At first reluctant to swap fact for fiction, Sally Magnusson has a hit novel on her hands
An exclusive interview with author Sally Magnusson, the pick of the Edinburgh Book Festival plus the latest reviews
IT’S fair to say that the celebrated Scottish broadcaster and presenter Sally Magnusson has a way with words. The daughter of Icelandic Mastermind legend Magnus Magnusson lives just outside Glasgow and has had a highly successful career working for the BBC, presenting Reporting Scotland along with a number of other shows including Panorama and Songs Of Praise.
A lover of stories, Sally is frequently seen at book festivals across Scotland, interviewing authors and unravelling the inspiration behind their work. But this year the tables are turned. Sally appears at Edinburgh International Book Festival for the first time as a novelist, to discuss her fiction debut The Sealwoman’s Gift.
Based on one of the most traumatic events in Icelandic history, the book tells the story of what happened after Barbary pirates kidnapped some 400 Icelanders in 1627 and sold them as slaves.
Having already written a number of non-fiction books, Sally was tempted to write a factual account of the abductions, but with a lack of source materials, decided to reimagine the events in this beautifully evocative piece of fiction.
“The Icelandic abductions are an incredibly interesting piece of history, that I’ve known about for some years. But, when my editor at Two Roads Books suggested I write about them in a novel I threw my hands up in complete horror! I just didn’t think I had the right equipment to be a novelist. I’ve been a reporter for so long and we’re trained not to make things up!”
After some gentle persuasion, Sally began crafting her stunning debut. Focusing on the real-life character of Ásta Egilsson, the book imagines her journey through this disturbing period of European history.
“It was really important to me to write about a woman’s experience. Before I’d started writing The Sealwoman’s Gift, I’d read the diaries of Icelandic pastor Ólafur Egilsson. In them, he describes his family’s experiences of being kidnapped – how his wife Ásta was forced to give birth on the ship over to Algiers, how their 11-year-
old son was sold as a slave and how he felt when he had to say goodbye to his wife and remaining two children as they too were taken away.
“Whilst it was great to hear about Ólafur’s experiences, I couldn’t stop thinking about Ásta and how she must have felt as a mother – the horror of bringing a child into the world on a slave ship, of having her first-born child ripped away from her.
“And it wasn’t just her, I couldn’t stop thinking about all the other thousands of women slaves and the indigenous women, too. I wanted to know about their experiences. But there are no accounts that speak for these women – all the source material is written by men. That really propelled me on to tell it from a woman’s perspective.”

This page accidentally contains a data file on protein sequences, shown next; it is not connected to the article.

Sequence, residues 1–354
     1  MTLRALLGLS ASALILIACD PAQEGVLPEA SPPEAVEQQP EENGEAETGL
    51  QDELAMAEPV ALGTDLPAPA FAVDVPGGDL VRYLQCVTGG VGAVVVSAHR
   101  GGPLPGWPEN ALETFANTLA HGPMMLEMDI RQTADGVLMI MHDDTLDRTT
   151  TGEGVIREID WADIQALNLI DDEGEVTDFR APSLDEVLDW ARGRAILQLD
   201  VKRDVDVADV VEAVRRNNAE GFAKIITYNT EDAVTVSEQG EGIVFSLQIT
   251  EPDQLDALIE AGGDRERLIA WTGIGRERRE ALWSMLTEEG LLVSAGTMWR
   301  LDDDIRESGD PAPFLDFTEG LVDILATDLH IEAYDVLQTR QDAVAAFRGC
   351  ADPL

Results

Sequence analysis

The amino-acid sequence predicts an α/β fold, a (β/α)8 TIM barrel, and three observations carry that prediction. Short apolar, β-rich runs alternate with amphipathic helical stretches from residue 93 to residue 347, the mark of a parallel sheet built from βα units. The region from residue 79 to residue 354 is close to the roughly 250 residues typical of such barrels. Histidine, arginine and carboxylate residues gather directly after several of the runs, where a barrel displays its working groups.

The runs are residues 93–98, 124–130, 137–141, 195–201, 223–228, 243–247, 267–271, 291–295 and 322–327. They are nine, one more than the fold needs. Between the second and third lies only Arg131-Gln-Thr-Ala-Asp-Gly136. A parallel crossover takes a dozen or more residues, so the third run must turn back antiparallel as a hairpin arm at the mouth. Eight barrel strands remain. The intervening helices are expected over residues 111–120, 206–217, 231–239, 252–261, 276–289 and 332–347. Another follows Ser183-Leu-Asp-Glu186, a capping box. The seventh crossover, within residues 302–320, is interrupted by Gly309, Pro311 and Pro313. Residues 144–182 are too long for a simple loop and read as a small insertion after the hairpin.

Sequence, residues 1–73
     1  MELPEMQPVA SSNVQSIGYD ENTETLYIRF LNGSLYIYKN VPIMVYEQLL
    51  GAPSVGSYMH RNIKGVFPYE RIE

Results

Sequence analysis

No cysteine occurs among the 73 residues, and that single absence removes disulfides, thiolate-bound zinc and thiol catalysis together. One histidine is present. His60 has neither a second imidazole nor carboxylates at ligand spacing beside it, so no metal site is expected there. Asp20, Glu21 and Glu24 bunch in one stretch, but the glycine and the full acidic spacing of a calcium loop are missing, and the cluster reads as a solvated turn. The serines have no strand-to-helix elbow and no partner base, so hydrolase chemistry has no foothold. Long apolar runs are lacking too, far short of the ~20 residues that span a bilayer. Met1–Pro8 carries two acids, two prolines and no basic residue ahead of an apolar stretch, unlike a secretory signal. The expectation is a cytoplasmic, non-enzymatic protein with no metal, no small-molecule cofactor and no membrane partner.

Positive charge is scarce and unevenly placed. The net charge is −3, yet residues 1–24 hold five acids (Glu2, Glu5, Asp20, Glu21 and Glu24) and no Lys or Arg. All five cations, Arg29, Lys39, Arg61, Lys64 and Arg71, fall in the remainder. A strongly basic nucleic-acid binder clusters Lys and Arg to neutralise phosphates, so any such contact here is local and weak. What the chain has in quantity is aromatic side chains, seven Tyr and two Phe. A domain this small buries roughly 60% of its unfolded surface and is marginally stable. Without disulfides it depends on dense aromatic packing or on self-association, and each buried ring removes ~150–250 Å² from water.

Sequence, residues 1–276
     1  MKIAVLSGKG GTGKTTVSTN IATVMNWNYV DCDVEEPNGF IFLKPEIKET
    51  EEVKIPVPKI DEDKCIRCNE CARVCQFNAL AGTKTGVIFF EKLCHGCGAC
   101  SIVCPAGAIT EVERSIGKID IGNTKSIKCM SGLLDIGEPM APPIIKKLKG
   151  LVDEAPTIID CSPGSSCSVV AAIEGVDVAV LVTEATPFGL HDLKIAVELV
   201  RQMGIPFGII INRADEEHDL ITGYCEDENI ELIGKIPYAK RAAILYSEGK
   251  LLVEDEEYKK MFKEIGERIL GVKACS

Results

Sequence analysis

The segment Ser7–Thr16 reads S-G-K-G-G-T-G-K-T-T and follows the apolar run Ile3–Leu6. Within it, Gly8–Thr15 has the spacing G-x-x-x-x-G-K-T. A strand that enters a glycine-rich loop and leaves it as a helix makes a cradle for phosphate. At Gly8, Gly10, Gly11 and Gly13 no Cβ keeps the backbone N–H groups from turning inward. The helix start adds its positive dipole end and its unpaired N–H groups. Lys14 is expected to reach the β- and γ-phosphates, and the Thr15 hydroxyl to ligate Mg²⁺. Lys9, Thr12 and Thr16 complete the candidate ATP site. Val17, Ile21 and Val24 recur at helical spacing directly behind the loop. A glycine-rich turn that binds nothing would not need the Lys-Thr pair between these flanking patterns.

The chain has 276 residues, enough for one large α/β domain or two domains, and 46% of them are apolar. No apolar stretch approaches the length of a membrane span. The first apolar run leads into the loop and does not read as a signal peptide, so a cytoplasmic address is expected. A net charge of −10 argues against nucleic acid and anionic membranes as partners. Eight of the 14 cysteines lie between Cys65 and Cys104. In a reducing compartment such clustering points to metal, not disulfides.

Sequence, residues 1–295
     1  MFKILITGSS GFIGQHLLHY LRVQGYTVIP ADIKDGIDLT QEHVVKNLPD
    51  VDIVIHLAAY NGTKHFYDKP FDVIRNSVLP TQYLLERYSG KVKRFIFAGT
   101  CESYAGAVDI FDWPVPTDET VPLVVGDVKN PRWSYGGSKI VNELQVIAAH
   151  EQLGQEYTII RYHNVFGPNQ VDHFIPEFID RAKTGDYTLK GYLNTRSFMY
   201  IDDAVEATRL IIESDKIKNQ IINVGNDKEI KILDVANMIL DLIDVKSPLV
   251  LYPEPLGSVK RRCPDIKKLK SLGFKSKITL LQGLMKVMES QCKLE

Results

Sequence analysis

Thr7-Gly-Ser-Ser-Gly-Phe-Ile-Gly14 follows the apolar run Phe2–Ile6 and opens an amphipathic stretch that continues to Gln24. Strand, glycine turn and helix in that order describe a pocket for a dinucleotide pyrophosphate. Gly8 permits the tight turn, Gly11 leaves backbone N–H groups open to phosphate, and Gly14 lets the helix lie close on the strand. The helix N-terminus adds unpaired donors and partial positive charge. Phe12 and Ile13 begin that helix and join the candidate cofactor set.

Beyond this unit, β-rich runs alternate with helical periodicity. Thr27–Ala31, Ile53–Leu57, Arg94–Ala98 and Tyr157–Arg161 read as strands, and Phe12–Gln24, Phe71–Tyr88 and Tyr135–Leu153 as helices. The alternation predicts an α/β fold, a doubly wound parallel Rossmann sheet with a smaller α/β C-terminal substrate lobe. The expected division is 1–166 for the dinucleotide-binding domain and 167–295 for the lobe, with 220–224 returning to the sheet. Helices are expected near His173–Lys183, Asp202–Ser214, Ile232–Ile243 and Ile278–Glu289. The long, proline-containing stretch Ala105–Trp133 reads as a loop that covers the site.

When trying to imagine the life of Ásta, Sally used her own experiences to connect with the character.
“I really wanted to tell her story but then, of course, I thought, how on earth can I imagine a woman’s experience 500 years ago? What I tried to do was find these points of connection which are beyond culture.
“So I looked at my life and my own experiences of being a woman, a mother and half Icelander, along with my understanding of the powerful role that story plays there, to connect with Ásta.”
Using her great knowledge of Icelandic stories, which she was brought up hearing as a child, Sally weaves folklore throughout the book, providing Ásta with a way to escape her ordeal.
“On the long cold dark winter nights, story is what Icelanders lived in. I made the assumption that if you were ripped away from the life that you’d always known, these stories are what you would carry away with you.”
Sally explains that even today, these tales still thrive in Iceland, a country which she loves dearly and visits whenever she can.
“You only have to walk through Icelandic lava fields and see the strange shapes in the landscape, to understand where the stories about trolls come from. You only have to crunch your way along a black shingle beach and see the seals bobbing along the water or clambering across rocks to understand how stories of seal folk have percolated down the generations.
“Even in the towns, you can still see preserved mounds in gardens, where the hidden people are said to live. These stories are still very much alive and that delights me.” Sally Magnusson will appear at Edinburgh International Book Festival on Sunday August 19, 7.15pm, at the Spark Theatre in George Street
from the life you’d known, stories are what you’d carry”